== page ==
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Orbital Decay

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Description

Winner of the Locus Award: Space-station workers discover a shocking global surveillance plot in this novel from “the master of science-fiction intrigue” (The Washington Post).

Popeye Hooker knows that space isn’t all it’s cracked up to be. A former fisherman who takes a job building low orbital stations to escape a failed relationship, he finds that in space, construction work is still a grind. And when they aren’t building the space stations that will usher humanity into the stars, Sam Sloane and the rest of the beamjacks get high, blast the Grateful Dead, and stare through telescopes at the world they left behind. But life in orbit is about to get much more interesting.
 
Nestled among the life support equipment that keeps them alive and the entertainment systems that keep them happy, the beamjacks find something astonishing. Turns out, their home isn’t just a space station—it’s a giant antenna designed to spy on every inhabitant of Earth. It’s the greatest privacy invasion ever perpetrated, and the beamjacks won’t stand for it.
 
They may not be pioneers, but these roughnecks are about to become revolutionaries.
 
Timely—and with Orwellian undertones, Allen Steele’s debut won the Locus Award for Best First Novel. Perfect for fans of Robert Heinlein, Robert J. Sawyer, and Greg Bear, Orbital Decay blends fantasy and science fiction with a prescient attention paid to the dangers of government surveillance.

“Stunning.” —Chicago Sun-Times

“An ambitious science fiction thriller. . . skillfully plotted and written with gusto.” —Publishers Weekly

“[Steele is] the master of science-fiction intrigue.” —The Washington Post

“Allen Steele is among the best.” —St. Louis Post-Dispatch

“Reads like golden-age Heinlein.” —Gregory Benford, author of Beyond Infinity

“Brings the thrill back to realistic space exploration. It reads like a mainstream novel written in 2016 A.D.” —The New York Review of Science Fiction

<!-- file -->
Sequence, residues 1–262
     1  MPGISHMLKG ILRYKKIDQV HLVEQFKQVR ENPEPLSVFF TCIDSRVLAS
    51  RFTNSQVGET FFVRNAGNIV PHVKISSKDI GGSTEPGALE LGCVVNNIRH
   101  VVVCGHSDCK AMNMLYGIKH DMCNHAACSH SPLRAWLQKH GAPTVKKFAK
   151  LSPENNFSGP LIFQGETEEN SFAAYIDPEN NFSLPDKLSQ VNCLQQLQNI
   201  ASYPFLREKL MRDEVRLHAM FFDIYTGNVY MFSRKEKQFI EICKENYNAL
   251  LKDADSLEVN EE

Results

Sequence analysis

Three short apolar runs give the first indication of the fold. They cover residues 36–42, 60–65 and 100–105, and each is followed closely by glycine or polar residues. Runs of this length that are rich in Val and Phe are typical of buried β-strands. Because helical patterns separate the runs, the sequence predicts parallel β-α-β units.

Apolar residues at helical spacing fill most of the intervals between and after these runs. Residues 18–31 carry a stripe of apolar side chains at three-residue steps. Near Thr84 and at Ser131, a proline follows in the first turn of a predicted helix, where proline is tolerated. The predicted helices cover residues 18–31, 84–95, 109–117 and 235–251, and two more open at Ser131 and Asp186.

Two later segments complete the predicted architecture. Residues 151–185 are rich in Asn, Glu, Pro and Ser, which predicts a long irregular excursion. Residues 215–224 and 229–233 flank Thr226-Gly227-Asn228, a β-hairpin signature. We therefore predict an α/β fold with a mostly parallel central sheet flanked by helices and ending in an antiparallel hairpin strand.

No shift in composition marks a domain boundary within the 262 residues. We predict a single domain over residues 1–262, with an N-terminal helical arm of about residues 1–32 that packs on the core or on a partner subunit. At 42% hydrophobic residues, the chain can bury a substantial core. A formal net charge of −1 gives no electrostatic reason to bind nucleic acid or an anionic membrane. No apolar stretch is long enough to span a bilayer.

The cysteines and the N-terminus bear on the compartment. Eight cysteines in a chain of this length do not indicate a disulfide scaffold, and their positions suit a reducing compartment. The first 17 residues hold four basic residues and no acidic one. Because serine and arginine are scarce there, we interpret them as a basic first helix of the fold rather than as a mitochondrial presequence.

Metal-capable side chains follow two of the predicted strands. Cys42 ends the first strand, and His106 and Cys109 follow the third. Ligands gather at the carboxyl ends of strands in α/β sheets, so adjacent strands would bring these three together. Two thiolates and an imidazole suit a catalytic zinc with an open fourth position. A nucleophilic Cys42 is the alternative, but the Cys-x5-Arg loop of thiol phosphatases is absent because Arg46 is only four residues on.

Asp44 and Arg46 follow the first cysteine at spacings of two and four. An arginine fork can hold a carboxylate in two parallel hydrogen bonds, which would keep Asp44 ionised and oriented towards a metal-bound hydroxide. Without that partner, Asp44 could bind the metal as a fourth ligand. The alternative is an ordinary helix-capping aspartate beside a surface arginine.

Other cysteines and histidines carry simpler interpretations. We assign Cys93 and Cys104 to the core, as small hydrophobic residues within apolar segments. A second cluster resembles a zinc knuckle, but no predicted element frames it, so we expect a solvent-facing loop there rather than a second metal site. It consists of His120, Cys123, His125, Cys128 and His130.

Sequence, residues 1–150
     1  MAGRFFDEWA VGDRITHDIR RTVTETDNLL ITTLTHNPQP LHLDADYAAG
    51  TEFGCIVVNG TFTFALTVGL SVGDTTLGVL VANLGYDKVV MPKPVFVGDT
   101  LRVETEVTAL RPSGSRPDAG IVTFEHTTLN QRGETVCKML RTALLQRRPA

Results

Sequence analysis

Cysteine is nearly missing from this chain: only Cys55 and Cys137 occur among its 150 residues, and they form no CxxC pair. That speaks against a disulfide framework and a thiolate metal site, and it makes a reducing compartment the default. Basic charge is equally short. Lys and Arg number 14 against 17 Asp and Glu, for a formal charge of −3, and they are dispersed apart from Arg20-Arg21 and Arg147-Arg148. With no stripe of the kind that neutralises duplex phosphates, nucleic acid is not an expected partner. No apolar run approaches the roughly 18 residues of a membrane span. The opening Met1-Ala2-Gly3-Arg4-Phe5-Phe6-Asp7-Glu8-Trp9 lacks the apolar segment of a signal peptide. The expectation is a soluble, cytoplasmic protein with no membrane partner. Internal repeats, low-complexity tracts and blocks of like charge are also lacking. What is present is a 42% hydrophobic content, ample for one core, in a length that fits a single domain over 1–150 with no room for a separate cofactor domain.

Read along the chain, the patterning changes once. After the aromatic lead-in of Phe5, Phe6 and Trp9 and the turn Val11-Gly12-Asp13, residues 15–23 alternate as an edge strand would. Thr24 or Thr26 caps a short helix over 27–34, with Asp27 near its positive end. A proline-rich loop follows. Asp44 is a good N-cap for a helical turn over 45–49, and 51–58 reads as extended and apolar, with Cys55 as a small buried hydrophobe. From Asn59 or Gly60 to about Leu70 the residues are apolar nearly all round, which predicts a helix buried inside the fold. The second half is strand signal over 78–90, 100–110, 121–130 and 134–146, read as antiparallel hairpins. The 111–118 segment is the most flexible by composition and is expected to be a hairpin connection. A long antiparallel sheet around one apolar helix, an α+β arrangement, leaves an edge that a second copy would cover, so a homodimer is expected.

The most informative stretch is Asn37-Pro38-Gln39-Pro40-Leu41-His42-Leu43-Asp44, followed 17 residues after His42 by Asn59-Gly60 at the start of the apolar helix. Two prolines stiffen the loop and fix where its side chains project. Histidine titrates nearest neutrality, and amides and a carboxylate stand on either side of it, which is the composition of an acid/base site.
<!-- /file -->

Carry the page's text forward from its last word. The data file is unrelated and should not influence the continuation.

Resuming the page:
Before becoming a science fiction writer, Allen Steele was a journalist for newspapers and magazines in Massachusetts, New Hampshire, Missouri, and his home state of Tennessee. But science fiction was his first love, so he eventually ditched journalism and began producing that which had made him decide to become a writer in the first place.Since then, Steele has published eighteen novels and nearly one hundred short stories.

His work has received numerous accolades, including three Hugo Awards, and has been translated worldwide, mainly into languages he can’t read. He serves on the board of advisors for the Space Frontier Foundation and is a member of the Science Fiction and Fantasy Writers of America. He also belongs to Sigma, a group of science fiction writers who frequently serve as unpaid consultants on matters regarding technology and security.
Allen Steele is a lifelong space buff, and this interest has not only influenced his writing, it has taken him to some interesting places. He has witnessed numerous space shuttle launches from Kennedy Space Center and has flown NASA’s shuttle cockpit simulator at the Johnson Space Center. In 2001, he testified before the US House of Representatives in hearings regarding the future of space exploration. He would like very much to go into orbit, and hopes that one day he’ll be able to afford to do so.

Steele lives in western Massachusetts with his wife, Linda, and a continual procession of adopted dogs. He collects vintage science fiction books and magazines, spacecraft model kits, and dreams.

From Publishers Weekly

Nov 01, 1989 – Steele's debut is an ambitious science fiction thriller somewhat marred by amateurish technique. The central story is skillfully plotted and written with gusto: narrator Sam Sloane and a group of 21st-century hard hats called ``beamjacks'' foil an Orwellian venture into global wiretapping by the U.S. National Security Agency. The author uses a familiar device effectively by setting his story in the near future, 2016, with the culture of the 1980s serving as a believable past. But his straightforward adventure tale is encumbered by two unconvincing and poorly integrated complications: a clumsy narrative framework consisting of memoirs dictated by Sloane, stranded in space without the likelihood of rescue; and a series of flashbacks recounting a crime of passion committed by Sloane's buddy, who eventually becomes part of the space-station work crew. In addition, the narration alternates confusingly between the first and third person.
Orbital Decay
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  • $6.99
  • Available on iPhone, iPad, iPod touch, and Mac.
  • Category: Science Fiction
  • Published: Sep 03, 2013
  • Publisher: Open Road Media Sci-Fi & Fantasy
  • Seller: OpenRoad Integrated Media, LLC
  • Print Length: 324 Pages
  • Language: English
  • Requirements: To view this book, you must have an iOS device with iBooks 1.3.1 or later and iOS 4.3.3 or later, or a Mac with iBooks 1.0 or later and OS X 10.9 or later.

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